RESEARCH TRIANGLE PARK — My wife Lynda went to Rex Hospital on Thursday morning for a mammogram. When I told her about the new technology demonstrated by ZumaTek at InfoTech 2005, she was eager to hear more.

Obviously, other women and people who know how big a threat breast cancer is to women liked what they saw as well, too. ZumaTek was named the winner in voting by the 650 attendees for the conference’s “People’s Choice” award. (Field2Base, a developer of impressive applications for wireless data, finished second.)

Conventional mammograms are not comfortable, any woman will tell you. I’ll let them explain the details.

Suffice it to say that ZumaTek’s emerging alternative is comfortable — and, its founders believe, will deliver more precise results in detecting possible breast cancer.

“So far, things are so good,” said a smiling Martin Tornai, an associate professor in nuclear medicine at Duke who launched the company. Tornai, who holds a PhD, licensed the technology he developed at Duke for the creation of breast imaging technology that creates a 3D image.

Women rest on a table face down, so there is no compression of the breast, and they do not have to remove any clothing. The ZumaTek device, which Tornai described as a “miniaturized CT scan”, creates a 3D image of the breast in “digital slices”.

“You can better see the structure that may indicate cancer,” he said. It’s Tornai’s belief that the ZumaTek technology will be more effective in detecting cancer at its earliest stages when it is most treatable. (As literature from The Susan G. Komen Breast Cancer Foundation distributed at ZumaTek’s booth shows, the average lump in a breast found by the first mammogram is already 0.59 inches in size — about the width of a dime.)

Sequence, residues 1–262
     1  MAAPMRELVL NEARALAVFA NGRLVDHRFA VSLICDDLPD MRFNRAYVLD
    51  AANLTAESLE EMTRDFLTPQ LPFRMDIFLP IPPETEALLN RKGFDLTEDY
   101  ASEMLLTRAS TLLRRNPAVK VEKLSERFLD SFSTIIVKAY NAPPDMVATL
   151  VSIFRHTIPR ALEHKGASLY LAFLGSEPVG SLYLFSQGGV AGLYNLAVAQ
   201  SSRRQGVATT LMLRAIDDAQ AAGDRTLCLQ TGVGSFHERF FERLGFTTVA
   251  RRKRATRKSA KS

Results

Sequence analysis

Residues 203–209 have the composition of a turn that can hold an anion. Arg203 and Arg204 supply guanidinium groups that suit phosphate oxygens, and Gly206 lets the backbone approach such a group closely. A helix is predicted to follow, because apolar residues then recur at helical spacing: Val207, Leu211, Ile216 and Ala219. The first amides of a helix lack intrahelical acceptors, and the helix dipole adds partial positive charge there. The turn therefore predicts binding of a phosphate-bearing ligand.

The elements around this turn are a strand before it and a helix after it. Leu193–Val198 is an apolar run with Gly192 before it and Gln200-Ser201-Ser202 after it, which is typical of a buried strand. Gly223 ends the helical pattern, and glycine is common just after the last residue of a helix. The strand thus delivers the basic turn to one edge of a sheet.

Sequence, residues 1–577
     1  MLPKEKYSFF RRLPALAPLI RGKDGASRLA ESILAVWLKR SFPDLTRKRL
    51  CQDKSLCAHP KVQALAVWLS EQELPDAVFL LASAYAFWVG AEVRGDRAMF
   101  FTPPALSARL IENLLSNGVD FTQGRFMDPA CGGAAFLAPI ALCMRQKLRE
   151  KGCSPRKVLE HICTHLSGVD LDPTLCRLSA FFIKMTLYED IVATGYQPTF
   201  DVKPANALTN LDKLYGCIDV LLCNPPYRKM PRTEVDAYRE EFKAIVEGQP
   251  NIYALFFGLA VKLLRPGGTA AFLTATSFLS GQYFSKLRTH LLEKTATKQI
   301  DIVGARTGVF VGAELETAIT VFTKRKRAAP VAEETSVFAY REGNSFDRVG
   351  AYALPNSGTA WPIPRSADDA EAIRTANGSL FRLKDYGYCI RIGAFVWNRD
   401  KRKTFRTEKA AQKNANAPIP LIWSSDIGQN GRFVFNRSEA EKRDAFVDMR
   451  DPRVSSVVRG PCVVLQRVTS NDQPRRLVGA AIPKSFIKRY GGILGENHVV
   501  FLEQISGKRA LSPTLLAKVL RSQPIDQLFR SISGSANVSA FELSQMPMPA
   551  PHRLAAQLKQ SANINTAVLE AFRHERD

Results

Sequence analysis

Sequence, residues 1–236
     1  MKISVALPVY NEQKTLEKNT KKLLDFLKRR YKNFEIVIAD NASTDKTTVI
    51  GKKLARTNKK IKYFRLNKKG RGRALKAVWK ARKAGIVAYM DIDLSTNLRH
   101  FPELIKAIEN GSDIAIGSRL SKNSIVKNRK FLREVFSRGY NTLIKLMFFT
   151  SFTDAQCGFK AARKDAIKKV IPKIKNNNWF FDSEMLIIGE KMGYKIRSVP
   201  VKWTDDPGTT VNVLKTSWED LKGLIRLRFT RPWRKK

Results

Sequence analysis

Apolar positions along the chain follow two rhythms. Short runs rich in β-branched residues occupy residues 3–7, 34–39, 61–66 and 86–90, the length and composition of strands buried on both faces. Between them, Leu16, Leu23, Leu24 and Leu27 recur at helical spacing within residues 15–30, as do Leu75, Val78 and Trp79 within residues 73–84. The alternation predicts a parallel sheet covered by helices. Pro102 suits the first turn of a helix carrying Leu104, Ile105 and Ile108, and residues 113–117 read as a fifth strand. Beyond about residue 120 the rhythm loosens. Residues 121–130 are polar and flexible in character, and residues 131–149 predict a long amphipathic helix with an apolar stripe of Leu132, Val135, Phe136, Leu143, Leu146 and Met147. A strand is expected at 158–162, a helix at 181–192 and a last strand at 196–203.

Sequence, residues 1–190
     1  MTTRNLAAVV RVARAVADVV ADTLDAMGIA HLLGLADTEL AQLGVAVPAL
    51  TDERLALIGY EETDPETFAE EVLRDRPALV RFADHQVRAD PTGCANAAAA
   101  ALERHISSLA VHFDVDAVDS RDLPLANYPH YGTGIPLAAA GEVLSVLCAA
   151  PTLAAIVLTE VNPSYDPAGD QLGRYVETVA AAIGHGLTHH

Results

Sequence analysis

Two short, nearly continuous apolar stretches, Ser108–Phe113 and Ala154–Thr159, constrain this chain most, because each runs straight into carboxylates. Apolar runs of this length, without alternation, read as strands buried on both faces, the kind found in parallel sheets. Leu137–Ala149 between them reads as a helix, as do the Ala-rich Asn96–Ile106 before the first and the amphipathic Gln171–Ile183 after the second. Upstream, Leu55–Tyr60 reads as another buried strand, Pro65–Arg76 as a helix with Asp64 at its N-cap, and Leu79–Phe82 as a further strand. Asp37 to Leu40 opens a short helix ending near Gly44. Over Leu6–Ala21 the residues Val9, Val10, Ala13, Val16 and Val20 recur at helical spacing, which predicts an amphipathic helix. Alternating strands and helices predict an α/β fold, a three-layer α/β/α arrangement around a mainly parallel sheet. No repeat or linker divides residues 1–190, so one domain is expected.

Combined with nuclear medicine that is used to highlight potential tumors, Tornai said the ZumaTek device can help physicians select areas “that you want to biopsy.”

More precise information about the cancer could also “have a therapeutic impact”, he added, because physicians and radiologists can better see how treatment is progressing.

A further benefit, Tornai added, is that the device “produces a cumulative dose of radiation that is one half that of a mammogram. We want to push it even low, to 10 times lower.”

Research about the device has been accepted and will be presented at a major conference early next year, Tornai added. He has also been approached by numerous surgeons and plastic surgeons who are interested in the device.

Sheila Mikhail, who also runs Life Science Law, has signed on to be the chief executive officer for ZumaTek. The company was launched in May. Its technology, however, is already patented.

“The long-term plan is to eventually replace mammography as we know it,” he said confidently. “We are far ahead of others in the field.”

R. Brooks Malone, an attorney with Hughes Pittman & Gupton who led the selection committee for picking InfoTech presenters, said he liked what he saw in ZumaTek.

“I see ZumaTek has having a real impact on society,” Malone said.


Rick Smith is managing editor of Local Tech Wire.